The determination of residual solvents (RS), formerly called organic volatile impurities (OVI), in pharmaceutical products is probably the most important application of gas chromatography in pharmaceutical quality control. Recently, methods described in the U.S. and European Pharmacopoeia have been reviewed, updated, and harmonized according to ICH guideline Q3C (R3).1
Approximately 60 different solvents are typically in use in pharmaceutical manufacturing. This set of solvents covers a wide range of boiling points and polarities. According to ICH guideline Q3C, these solvents are divided into three classes. Class 1 includes benzene, carbon tetrachloride; 1,1-dichloroethane; 1,2-dichloroethylene; and 1,1,1-trichloroethane. These solvents are toxic and their use should be avoided. Class 2 solvents are less toxic, but their use should be limited. It is hoped that class 1 and 2 solvents will be replaced by class 3 solvents, which have low toxic potential to humans. Taking into account their relative toxicity, these solvents should be monitored in pharmaceutical products, including drug substances (or active pharmaceutical ingredients [API]) and drug products (formulations) at various levels, ranging from 2 ppm (2 μg/g drug substance) for benzene (class 1) to 0.05% (w/w = 5000 ppm) for class 3 solvents. Consequently, the analytical method(s) used to monitor these residual solvents in pharmaceutical products must also cover this range.
For the analysis of residual solvents, gas chromatography in combination with flame ionization detection (GC-FID) is normally used. Sample preparation and introduction is via static headspace (SHS).2,3 In this way, the (mostly) volatile solvents are introduced selectively, and the analytical system (inlet, column, and detector) is not contaminated by the (mostly) nonvolatile drug substance or drug product. For the separation, a thick-film, medium polar column (e.g., G43) is employed. Quantification is done versus an external standard.
Excellent quantitative data, including low limits of detection (LODs), high repeatability, and very good linearity, were obtained using the Agilent G1888 static headspace sampler (Agilent Technologies, Wilmington, DE) in combination with an Agilent 7890 GC.4 However, since no column can guarantee a unique retention time for a given solvent, confirmation analysis by GC-FID on a capillary column coated with a different stationary phase (e.g., G16) was performed. More recently, GC-MS was used successfully for confirmation/identification purposes.5,6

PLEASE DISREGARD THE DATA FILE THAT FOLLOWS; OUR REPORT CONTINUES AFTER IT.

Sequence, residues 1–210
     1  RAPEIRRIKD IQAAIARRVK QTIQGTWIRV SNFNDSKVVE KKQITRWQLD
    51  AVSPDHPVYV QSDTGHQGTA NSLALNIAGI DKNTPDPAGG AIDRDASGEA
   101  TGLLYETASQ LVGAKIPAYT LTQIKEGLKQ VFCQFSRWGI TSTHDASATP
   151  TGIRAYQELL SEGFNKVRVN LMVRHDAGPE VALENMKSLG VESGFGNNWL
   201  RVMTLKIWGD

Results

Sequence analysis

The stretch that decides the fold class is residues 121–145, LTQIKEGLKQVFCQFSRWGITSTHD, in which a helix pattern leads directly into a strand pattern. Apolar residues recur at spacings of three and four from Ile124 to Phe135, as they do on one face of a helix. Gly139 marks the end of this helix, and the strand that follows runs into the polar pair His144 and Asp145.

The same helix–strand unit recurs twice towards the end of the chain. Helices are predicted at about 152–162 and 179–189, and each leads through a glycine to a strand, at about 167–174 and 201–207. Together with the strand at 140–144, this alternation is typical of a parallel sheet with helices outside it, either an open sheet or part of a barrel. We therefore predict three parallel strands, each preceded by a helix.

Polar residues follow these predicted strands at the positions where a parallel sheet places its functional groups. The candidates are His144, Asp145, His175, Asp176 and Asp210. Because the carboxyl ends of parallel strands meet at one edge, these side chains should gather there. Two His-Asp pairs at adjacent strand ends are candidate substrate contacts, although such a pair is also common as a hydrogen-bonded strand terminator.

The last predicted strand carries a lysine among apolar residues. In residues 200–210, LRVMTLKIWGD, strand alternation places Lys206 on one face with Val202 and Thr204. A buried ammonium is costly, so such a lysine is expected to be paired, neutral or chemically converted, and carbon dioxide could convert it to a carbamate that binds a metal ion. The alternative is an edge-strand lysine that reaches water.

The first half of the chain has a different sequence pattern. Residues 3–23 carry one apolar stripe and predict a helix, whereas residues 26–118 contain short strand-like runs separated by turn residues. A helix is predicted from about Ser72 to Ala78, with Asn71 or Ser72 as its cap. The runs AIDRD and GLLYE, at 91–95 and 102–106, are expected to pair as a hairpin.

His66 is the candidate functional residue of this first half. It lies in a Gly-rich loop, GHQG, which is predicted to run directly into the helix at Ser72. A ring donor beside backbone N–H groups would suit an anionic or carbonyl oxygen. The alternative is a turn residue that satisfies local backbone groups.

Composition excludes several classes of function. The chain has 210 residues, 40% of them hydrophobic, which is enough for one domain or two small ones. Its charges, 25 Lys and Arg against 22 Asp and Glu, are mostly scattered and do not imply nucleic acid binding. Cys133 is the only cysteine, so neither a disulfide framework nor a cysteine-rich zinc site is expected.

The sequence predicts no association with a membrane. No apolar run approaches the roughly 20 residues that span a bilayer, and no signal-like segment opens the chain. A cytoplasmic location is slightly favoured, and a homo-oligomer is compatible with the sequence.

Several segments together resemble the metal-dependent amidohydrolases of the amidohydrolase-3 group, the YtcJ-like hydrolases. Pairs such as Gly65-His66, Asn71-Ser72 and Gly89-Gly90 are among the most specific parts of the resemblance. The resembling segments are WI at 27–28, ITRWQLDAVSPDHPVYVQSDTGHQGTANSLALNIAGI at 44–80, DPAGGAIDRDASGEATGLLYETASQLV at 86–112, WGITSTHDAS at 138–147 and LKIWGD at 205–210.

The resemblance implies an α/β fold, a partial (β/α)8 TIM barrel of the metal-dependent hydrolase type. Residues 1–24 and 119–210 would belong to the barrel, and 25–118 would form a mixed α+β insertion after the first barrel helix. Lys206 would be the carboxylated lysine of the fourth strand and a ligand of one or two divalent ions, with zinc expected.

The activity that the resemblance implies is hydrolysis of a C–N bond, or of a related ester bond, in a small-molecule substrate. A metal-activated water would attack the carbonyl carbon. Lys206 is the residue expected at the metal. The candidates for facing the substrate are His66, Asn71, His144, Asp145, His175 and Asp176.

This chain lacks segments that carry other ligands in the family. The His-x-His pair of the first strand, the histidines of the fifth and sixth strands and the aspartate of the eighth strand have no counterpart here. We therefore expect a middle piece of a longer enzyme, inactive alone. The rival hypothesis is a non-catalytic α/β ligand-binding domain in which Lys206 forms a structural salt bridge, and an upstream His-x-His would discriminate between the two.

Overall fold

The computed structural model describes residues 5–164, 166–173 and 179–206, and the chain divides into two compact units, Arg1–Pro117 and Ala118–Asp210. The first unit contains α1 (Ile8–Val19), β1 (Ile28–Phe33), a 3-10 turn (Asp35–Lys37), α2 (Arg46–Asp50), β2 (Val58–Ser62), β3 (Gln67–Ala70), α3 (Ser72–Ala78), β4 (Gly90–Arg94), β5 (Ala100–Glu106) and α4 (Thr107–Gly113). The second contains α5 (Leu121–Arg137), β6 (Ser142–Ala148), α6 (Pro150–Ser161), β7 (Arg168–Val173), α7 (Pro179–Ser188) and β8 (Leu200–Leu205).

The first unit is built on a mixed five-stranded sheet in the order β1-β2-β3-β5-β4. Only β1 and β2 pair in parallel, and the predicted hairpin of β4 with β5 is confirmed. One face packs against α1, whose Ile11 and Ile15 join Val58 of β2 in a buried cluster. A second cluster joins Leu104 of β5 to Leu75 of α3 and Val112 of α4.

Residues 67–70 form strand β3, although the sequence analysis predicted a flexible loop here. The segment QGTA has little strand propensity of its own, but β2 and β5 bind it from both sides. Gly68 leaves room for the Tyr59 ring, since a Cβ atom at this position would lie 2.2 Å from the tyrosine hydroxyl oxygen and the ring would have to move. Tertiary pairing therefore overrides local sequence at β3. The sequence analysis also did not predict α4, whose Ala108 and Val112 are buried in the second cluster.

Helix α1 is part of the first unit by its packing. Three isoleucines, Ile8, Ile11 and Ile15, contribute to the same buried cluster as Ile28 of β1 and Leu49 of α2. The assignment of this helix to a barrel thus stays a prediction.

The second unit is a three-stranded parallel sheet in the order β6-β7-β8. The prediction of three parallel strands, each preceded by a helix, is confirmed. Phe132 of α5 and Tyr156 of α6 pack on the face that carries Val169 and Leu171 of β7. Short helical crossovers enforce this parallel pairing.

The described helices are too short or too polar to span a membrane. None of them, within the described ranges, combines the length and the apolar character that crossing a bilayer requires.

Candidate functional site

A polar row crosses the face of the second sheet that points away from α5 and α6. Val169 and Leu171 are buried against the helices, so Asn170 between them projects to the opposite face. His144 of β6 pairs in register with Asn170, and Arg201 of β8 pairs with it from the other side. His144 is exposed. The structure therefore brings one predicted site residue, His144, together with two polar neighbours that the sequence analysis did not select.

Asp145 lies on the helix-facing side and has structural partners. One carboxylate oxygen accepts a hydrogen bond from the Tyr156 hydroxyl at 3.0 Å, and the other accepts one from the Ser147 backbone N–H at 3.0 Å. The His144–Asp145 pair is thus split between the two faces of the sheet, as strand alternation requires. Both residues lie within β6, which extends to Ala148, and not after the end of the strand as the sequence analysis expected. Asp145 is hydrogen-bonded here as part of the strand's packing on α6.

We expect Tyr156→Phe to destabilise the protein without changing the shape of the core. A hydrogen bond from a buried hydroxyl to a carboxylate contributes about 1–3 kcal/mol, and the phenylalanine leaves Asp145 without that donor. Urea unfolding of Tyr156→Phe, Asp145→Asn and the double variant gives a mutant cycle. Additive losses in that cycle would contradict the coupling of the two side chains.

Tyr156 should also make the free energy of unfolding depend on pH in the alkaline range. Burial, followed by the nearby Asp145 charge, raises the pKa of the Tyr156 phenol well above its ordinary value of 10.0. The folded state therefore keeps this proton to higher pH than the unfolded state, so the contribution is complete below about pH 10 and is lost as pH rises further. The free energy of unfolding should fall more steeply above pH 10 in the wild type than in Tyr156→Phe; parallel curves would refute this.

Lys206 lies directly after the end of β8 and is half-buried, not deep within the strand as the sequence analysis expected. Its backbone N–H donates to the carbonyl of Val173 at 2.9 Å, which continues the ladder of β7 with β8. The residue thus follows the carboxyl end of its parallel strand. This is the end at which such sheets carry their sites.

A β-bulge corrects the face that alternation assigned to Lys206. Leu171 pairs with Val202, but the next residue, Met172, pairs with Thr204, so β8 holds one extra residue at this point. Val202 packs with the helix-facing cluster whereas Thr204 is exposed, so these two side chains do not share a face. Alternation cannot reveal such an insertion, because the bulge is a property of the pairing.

This paper describes a system configuration and operation conditions that allow the analysis of 56 solvents in a single run. Some solvents listed in the ICH guideline are not volatile (enough) and not amenable to SHS-GC analysis. Examples are formic acid, acetic acid, dimethyl sulfoxide (often used as method solvent), formamide, ethylene glycol, and sulfolane. The analysis of these impurities should be performed using other (liquid injection) methods, and their analysis is not discussed here.
For the analysis of residual solvents in pharmaceutical products, the drug substance or drug product is typically dissolved in a low-volatility (high-boiling) solvent such as dimethyl sulfoxide (DMSO); dimethyl acetamide (DMAC); or 1,3-dimethyl-2-imidazolidinone (DMI). For water-soluble drug substances, dissolution in water can also be used. In this work, a 100-mg drug substance was dissolved in 2 mL DMSO or DMSO:water (1:1) in a 20-mL headspace vial. Recently dedicated GC headspace-grade solvents were made available from Sigma-Aldrich (St. Louis, MO). DMSO, which is suitable for GC-SHS (cat. no. 51779), was used in this work. Calibration solutions were prepared in the same solvent at 0.15–15 ppm level for class 1 and 6–600 ppm level for class 2 and 3 solvents. All concentrations (ppm = μg/g) refer to the amount of drug substance (100 mg). The actual concentration of the standard in solution (μg/mL solvent) was a factor of 20 lower.
Figure 1 - SHS-GC-FID-MS system configuration.
The samples were analyzed using the SHS-GC-FID-MS configuration presented in Figure 1. Static headspace was performed using a G1888 HS autosampler. The transfer line of the headspace sampler was coupled to a standard split/splitless inlet. Separation was done on a J&W DB-1301 column (equivalent to G43). The column effluent was split using a purged splitter Capillary Flow Technology device to the FID and MS (Agilent 5975 MSD). The vial pressure was regulated by an Agilent AUX EPC channel. The purge at the splitter was also regulated by the AUX EPC (second channel). A 63 cm × 0.1 mm i.d. deactivated fused-silica capillary was used to connect the splitter to the mass selective detector (MSD); a 40 cm × 0.1 mm i.d. capillary was used to connect the splitter to the FID. Flows in both capillaries were approximately 1.4 mL/min, and the retention time was also similar (small offset between FID and MS retention times). The analytical parameters are summarized in Table 1.
Table 1 - SHS-GC-FID-MS analytical parameters